Get the “Holy One of Israel” out of my face.

This heading may appear flippant. It will hopefully become clear that what appears irreverent is in reality the desire to dig below the sediment of our perceptions that obscures the treasures beneath.

In Acts 21:1-4 (written by Luke the Apostle, a companion of Paul on many of Paul’s travels) we read of some of the cities of Asia that Paul visited:

“And when we had parted from them and set sail, we came by a straight course to Cos, and the next day to Rhodes, and from there to Patara. And having found a ship crossing to Phoenicia, we went aboard and set sail. When we had come in sight of Cyprus, leaving it on the left, we sailed to Syria and landed at Tyre, for there the ship was to unload its cargo.”

These cities were bursting with things of exquisite natural beauty, artistic charm and excellence. Where did we learn that these cities were so marvellous to behold? Not from Paul (or Luke). There is not a word about geography, nothing about scenic beauty in the travels of Paul. Paul, like Herzl, was yearning for ethical and spiritual fulfilment. Paul’s only interest was doing the “deep lasting work” (John Piper) of preaching the Gospel  to a lost humanity. The difference between the Apostles Paul and Luke, on the one hand, and Herzl, on the other, is that the Apostles’ idea of ethical and spiritual fulfilment was based on the two pivotal mitzvoth (commands) of the Torah; the first, “You shall love the Lord your God with all your heart and with all your soul and with all your might” (Deuteronomy 6:5); the second, “Do not seek revenge or bear a grudge against one of your people, but love your neighbour as yourself. I am the LORD (Leviticus 19:18).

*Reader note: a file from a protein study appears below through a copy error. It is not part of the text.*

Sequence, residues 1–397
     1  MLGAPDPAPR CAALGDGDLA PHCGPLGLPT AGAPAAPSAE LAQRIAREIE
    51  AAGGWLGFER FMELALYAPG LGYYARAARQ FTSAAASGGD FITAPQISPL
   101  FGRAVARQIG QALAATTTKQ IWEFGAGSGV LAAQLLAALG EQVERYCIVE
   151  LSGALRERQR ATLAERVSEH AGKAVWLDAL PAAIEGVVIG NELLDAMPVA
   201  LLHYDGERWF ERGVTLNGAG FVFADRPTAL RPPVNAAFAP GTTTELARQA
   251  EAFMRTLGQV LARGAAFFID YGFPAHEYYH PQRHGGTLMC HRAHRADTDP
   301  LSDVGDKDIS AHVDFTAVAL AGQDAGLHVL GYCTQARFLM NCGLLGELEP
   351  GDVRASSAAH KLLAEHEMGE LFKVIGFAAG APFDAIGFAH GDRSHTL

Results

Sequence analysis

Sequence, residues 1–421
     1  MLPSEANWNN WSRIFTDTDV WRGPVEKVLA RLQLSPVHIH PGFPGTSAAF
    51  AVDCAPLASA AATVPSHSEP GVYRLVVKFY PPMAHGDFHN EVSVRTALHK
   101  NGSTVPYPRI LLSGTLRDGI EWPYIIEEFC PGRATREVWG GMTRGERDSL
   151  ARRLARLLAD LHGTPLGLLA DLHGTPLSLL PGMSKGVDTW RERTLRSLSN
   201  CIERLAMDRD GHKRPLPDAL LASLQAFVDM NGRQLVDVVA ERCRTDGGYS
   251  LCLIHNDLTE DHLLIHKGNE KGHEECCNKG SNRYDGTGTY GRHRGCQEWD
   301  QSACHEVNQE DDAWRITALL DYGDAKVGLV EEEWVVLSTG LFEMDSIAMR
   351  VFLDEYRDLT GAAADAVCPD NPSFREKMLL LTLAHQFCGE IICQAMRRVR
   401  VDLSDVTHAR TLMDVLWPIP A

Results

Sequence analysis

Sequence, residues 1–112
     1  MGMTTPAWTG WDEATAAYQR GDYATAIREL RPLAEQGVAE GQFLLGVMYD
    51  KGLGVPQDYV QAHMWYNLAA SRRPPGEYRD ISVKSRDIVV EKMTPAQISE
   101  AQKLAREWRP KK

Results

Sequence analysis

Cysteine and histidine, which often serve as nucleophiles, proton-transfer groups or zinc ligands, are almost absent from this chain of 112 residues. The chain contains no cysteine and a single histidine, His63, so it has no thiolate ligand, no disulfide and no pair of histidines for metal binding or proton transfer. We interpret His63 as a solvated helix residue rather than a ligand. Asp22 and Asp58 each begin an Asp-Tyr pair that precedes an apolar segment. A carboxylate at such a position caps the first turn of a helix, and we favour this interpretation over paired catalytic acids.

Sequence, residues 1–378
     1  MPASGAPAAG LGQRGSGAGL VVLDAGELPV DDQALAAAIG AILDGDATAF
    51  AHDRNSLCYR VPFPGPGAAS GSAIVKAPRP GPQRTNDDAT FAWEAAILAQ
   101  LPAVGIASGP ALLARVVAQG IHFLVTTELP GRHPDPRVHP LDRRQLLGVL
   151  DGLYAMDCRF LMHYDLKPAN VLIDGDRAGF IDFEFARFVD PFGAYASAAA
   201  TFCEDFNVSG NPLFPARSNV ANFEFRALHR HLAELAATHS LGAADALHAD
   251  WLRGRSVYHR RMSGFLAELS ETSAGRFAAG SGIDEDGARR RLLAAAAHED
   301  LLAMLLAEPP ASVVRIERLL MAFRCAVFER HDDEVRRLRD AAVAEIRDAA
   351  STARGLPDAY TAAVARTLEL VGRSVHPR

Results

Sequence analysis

That is what Jesus meant in the following passage:

“And one of the scribes came up and heard them disputing with one another, and seeing that he answered them well, asked him, “Which commandment is the most important of all?” Jesus answered, “The most important is, ‘Hear, O Israel: The Lord our God, the Lord is one. And you shall love the Lord your God with all your heart and with all your soul and with all your mind and with all your strength.’ The second is this: ‘You shall love your neighbour as yourself.’ There is no other commandment greater than these” (Mark 12:28-31).

By “neighbour”, Jesus does not only mean the Israelite Joe Shmo but the gentile Joe Soap as well. This impartiality is poignantly illustrated in Jesus’ parable of the Good Samaritan (Luke 10:29-37).

The key issue in the Torah – and in the Newer Testament as well – is that if righteous acts such as love of neighbour are not rooted in the love (manifested in faith and obedience) of God, they are nothing more than filthy garments:

“All of us have become like one who is unclean, and all our righteous acts are like filthy rags; we all shrivel up like a leaf, and like the wind our sins sweep us away” (Isaiah, 64:6).

כְבֶגֶד עִדִּים כָּל־צִדְקֹתֵינוּ kheveged(like garments) idiym(filthy) kol-tzidkotaynu(our righteousness).

“Filthy garments” is a “polite” translation. The Hebrew says: “our righteousness is like menstrual cloths.”

Herzl’s spiritual yearnings excluded the yearning for  the “Holy one of Israel.” Much of the modern confrontation between Jews in Israel harks back to an endemic and more ancient confrontation – between the faithful few and the unfaithful majority:

“Leave this way, get off this path, and stop confronting us with the Holy One of Israel!” (Isaiah, 30:11, New International Version).

(The Hebrew of the words in italics above appears in red below).

סוּרוּ מִנֵּי־דֶרֶךְ הַטּוּ מִנֵּי־אֹרַח הַשְׁבִּיתוּ מִפָּנֵינוּ אֶת־קְדֹושׁ יִשְׂרָאֵֽל׃

 

Translations  of Tanakh are usually more polite and decorous than the original Hebrew, which is often “in your face”. In the example below, this is literally so.

Get the Holy One (kadosh קְדֹושׁ) of Israel  (yisroel יִשְׂרָאֵֽל) out of our face (miponaynu מִפָּנֵינוּ)   the “u” in the English transliteration is pronounced “oo”].

Even those who read Hebrew cauterise the literal meaning of  miponaynu מִפָּנֵינוּ and see only the figurative meaning of “in front of”, “before”.  So we end up with this watery translation: “cause the Holy One of Israel to cease from before us.”  The figurative gain is a literal loss.

The light of the “enlightened” Jew is not the light that came into the world; it’s the light that comes out of man (Genesis 1, John 1).

“Vain – worthless, nothing, empty – is the salvation of man” (Psalm 60:11).

שָׁוְא תְּשׁוּעַת אָדָם shav teshuat ADAM (salvation of man).    Yeshua (Jesus – Saviour) derives from teshua (salvation).

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